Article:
So, what’s a teleworker to do?

The answer is really quite simple.  Instead of securing the device, let’s secure the application and the connection it has back to the corporate network.  In terms of SIP that comes down to three more words – Session Border Controller.   An SBC creates a secure network edge that only accepts and passes SIP signaling and RTP media.  I configure One-X Mobile on my iPhone to point to my company’s Avaya SBC for Enterprise and voila – remote enterprise telephony without having to start a VPN on the iPhone.  It doesn’t matter what else I might have on my mobile device.  The SBC makes sure that only the SIP traffic gets in and out.

This is very similar to how we secure web applications.  The next time you use Outlook Web Access (OWA), make note of the fact that your web browser is using secure HTTP (HTTPS).  Similar to the SIP messages to and from my iPhone, the browser’s stream of data has been secured and not the device the browser is running on.

The benefits of securing the application instead of the device are significant.  My IT department can provide me access to the company’s SIP communications system without having to worry about anything malicious sneaking into the corporate network.  I can load up my iPhone with as many games as I want and not a one of them will get past the SBC.

This holds true for other devices, as well.  An SBC can secure the SIP traffic from an Android phone, iPad, Surface RT, PC, Mac, or any other device that supports SIP communications.  This allows an enterprise to fully embrace Bring Your Own Device (BYOD) while safely managing security risks.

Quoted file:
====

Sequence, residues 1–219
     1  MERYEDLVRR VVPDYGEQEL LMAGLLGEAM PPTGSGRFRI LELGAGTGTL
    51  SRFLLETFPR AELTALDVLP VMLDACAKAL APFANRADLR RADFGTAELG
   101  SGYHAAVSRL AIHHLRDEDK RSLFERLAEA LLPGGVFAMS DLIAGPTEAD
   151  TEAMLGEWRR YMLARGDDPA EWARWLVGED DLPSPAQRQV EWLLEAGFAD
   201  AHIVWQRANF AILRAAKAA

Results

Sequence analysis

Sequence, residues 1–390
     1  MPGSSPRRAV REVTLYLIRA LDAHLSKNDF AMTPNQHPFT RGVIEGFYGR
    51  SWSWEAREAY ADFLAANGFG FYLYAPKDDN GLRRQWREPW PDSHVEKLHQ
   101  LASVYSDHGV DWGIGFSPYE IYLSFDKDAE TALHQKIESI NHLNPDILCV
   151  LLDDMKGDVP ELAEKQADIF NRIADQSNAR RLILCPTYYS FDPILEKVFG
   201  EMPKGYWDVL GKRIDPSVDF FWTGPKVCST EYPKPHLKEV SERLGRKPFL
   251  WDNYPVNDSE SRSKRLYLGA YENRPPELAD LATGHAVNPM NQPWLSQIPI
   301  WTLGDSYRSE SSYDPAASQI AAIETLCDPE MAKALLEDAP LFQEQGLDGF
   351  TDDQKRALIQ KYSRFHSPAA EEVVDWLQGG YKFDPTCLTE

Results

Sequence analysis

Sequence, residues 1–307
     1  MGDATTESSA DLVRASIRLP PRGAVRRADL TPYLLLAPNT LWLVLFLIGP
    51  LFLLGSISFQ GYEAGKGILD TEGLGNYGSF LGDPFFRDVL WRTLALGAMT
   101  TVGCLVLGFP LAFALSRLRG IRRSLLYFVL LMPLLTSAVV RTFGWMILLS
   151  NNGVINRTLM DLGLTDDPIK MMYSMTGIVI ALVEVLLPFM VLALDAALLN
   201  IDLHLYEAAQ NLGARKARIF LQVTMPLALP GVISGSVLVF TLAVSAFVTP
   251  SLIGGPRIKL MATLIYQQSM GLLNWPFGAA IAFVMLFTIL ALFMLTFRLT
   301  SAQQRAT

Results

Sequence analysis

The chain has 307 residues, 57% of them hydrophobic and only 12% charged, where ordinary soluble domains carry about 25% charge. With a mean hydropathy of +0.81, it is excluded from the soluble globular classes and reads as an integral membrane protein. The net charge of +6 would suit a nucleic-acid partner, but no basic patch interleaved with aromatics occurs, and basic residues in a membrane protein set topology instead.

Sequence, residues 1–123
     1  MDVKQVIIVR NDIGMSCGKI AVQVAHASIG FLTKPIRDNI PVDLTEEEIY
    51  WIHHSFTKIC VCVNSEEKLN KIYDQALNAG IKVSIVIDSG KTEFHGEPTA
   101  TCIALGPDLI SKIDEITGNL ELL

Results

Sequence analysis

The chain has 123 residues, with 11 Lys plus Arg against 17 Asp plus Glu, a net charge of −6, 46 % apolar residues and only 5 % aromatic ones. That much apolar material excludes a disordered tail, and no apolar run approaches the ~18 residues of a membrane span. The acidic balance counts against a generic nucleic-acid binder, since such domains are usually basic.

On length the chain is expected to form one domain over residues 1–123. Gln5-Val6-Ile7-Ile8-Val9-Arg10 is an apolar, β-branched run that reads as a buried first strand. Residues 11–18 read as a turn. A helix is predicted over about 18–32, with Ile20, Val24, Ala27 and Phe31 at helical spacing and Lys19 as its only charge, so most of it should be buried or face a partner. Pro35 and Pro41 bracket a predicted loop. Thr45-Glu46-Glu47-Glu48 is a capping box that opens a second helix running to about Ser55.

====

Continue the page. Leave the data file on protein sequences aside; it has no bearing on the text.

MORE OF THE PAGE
Will there still be uses for VPNs?  Yes, but like modems, VPNs are falling out of favor.  Enterprises are far more security savvy than they were a few short years ago.  Securing applications makes more sense than trying to secure an entire device.  This is especially true since many IT departments have lost control over what their users put on those devices.  They may not be able to control the device or the user, but with tools such as SBCs, they can control the data they allow in and out of their networks.

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This article originally appeared on Andrew Prokop’s unified communications blog, SIP Adventures, and is reprinted with permission.

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Younified Communications—it Really is All About YOU!

One of my favorite things about working for Avaya is that we’re marketing the same collaboration tools we use to do our jobs. Best of all, we have access to beta versions of our solutions, providing R&D teams with first-hand unedited feedback. Yep, we are drinking our own champagne!

Based on my interactions with customers across the world, I know that many of you work just like we do. Meeting after meeting, virtual, mobile and in-person. It’s not just about the quantity of meetings we all participate in, but the quality of our experience to drive productivity and engagement. As you know, there are many different types of meetings. Let me give you a few examples just from my last week:

  • A group text chat with a few colleagues—getting a quick answer in a sidebar or multi-tasking activity
  • A one-on-one video meeting to review a spreadsheet with one of my staff members
  • A team meeting over desktop or mobile video where we collaborated about an upcoming quarterly plan—many IMs were going on behind the scenes that aligned with meeting topic discussions